Hey Barrie,

That sounds like a great adventure! Splitting the training down into different blocks is definitely the best way to go about it so you can monitor your progress and have some short term goals over the 30 weeks.

If you want to discuss your training with one of our SUFCoaches, we would love to help put something together for you!

Thanks @alchurch, that’s great advice on making sure to pay attention to things that could lose you time! To be honest though time isn’t really a concern, I fully expect to potentially be in the saddle up to 8 hours a day. It’s more how best to prepare to be able to do that for 8 days in a row. To that end would an all round 12-week plan simply raise my level as a rider to better cope with that, or should I look to be building my durations on back-to-back 8-day sets to adapt to repeatedly riding so long?

Thanks for responding @Coach.Rupert.H
I guess what I’m trying to understand is whether I can use 2 of the 12-week plans that already exist to raise my general level as a rider sufficiently to meet the demands of the challenge, or whether this type of challenge is a whole different ball game which needs a different approach to anything currently available on The Sufferest plans.
Any advice in this regard would help immensely. Thanks!

I would say the all purpose or the Century plans are you are going to be doing a high volume of riding.
Enjoy :slight_smile:


Time does need to be considered, because it directly influences recovery.If you think you may be riding for 8 hours, but you bonk, get dehydrated, fret about the route or equipment, and your 8 hours turn in to 9-10. Think post ride, getting yourself and clothes clean, cream on any chafing bits. Saddle hygiene. A saddle sore can stop you completing , or make your 8 hour day stretch to 10 hours, but feel more like 15. Once clean, dry and aired, you need to feed. This should not be too late in the evening, because a late meal may interfere with sleep, hence recovery, hence inability to keep going. For me, personally , fatigue and the ability to ride each day was linked more to intensity the day before, than it was on actual endurance. The thrill of the challenge and excitement of the adventure , the love of doing what you love will see you through many a mile.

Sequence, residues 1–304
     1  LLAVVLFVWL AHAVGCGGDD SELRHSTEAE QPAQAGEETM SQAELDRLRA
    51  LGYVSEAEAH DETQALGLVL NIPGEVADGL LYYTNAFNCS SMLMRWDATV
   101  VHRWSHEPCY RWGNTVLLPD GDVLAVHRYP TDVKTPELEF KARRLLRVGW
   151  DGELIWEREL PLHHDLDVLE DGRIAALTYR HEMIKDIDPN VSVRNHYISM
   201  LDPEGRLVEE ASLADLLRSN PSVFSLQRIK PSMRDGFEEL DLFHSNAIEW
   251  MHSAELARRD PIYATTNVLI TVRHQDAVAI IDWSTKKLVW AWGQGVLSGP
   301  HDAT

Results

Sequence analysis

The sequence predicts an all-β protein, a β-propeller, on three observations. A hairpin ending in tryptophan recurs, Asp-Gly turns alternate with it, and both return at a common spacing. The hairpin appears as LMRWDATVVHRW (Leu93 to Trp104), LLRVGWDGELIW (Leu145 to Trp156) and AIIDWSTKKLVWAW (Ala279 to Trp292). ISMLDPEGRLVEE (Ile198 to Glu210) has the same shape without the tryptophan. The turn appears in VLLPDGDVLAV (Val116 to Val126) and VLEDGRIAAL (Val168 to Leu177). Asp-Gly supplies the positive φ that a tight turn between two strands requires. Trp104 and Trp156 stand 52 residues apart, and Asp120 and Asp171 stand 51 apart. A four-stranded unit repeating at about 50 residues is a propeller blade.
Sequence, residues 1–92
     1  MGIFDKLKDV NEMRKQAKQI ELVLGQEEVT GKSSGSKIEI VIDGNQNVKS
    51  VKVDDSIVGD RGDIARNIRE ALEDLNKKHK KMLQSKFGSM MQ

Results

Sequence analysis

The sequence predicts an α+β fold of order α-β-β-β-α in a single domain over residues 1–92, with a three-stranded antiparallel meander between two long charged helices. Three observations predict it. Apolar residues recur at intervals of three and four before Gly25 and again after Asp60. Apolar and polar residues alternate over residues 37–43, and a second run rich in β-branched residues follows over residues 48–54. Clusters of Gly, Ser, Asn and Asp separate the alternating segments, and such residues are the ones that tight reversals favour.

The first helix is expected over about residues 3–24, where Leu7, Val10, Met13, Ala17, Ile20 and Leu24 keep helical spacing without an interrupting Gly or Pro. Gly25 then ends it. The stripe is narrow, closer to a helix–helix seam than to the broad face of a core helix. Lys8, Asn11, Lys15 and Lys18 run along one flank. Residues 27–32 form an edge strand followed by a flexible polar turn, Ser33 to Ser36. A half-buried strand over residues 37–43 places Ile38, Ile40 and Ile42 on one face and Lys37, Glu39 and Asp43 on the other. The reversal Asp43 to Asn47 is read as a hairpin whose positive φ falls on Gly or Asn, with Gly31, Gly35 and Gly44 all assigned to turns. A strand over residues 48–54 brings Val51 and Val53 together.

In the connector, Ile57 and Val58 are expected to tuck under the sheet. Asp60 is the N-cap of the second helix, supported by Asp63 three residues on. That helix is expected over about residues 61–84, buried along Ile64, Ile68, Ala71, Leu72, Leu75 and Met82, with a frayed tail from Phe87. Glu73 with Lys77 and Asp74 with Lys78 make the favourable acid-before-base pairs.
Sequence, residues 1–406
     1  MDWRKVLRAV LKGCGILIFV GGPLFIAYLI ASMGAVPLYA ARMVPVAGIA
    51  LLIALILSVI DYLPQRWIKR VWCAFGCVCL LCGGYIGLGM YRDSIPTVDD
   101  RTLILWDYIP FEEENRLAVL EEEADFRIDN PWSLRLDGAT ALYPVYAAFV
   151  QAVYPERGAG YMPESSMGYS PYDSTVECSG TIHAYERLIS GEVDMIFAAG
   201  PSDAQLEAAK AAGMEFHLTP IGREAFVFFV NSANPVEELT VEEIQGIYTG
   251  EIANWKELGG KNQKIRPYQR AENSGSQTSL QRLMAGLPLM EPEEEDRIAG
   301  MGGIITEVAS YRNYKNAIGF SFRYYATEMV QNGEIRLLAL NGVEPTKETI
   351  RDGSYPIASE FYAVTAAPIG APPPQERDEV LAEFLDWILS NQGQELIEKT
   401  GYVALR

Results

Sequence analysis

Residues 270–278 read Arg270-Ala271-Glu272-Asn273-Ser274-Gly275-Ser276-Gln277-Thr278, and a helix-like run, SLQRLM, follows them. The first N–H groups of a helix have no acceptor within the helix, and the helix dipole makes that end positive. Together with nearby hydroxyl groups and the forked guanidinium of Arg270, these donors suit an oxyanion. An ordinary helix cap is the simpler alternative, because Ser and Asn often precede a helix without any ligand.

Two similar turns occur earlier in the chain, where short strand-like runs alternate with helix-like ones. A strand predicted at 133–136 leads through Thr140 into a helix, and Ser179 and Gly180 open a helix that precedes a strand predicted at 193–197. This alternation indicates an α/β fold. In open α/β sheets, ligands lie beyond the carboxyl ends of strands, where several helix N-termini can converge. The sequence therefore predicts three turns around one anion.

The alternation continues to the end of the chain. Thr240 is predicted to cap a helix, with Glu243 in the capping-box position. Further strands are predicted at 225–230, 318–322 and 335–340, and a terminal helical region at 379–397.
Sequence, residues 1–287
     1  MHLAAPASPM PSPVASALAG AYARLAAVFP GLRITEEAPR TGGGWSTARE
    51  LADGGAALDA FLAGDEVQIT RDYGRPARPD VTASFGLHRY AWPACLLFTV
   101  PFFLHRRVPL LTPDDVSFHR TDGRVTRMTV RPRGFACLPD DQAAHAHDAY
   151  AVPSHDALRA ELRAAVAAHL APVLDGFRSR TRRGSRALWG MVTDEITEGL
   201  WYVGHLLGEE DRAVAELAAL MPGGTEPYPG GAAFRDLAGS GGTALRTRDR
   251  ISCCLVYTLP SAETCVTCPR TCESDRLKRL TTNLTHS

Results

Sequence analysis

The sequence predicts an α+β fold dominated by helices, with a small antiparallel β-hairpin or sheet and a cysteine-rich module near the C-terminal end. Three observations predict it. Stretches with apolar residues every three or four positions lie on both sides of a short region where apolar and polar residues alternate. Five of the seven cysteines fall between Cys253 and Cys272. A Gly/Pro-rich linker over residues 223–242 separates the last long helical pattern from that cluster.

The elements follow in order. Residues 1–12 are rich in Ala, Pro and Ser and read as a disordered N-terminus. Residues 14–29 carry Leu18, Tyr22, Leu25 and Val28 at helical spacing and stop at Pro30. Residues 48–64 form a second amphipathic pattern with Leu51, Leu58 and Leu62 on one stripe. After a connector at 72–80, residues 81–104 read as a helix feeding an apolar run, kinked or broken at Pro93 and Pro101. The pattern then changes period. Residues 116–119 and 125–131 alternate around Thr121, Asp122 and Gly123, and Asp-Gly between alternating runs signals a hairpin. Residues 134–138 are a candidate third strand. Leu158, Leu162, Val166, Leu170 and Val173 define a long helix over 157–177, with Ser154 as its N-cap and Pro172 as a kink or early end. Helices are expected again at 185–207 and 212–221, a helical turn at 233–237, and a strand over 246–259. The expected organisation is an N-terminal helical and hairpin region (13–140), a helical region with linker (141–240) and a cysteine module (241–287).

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Coach Rupert. I did email the minions with a question about the personalised plans, but never got a response. The question is this. I am planning a challenge similar to to BazAv.jones. I was considering purchasing a plan but… I have no start or finish date because of current pandemic, therefor will not be able to supply a recent FF ( I have just done one, in the tour prep plan) . So could I just purchase a plan that could be dropped into my training schedule when everything kicks off?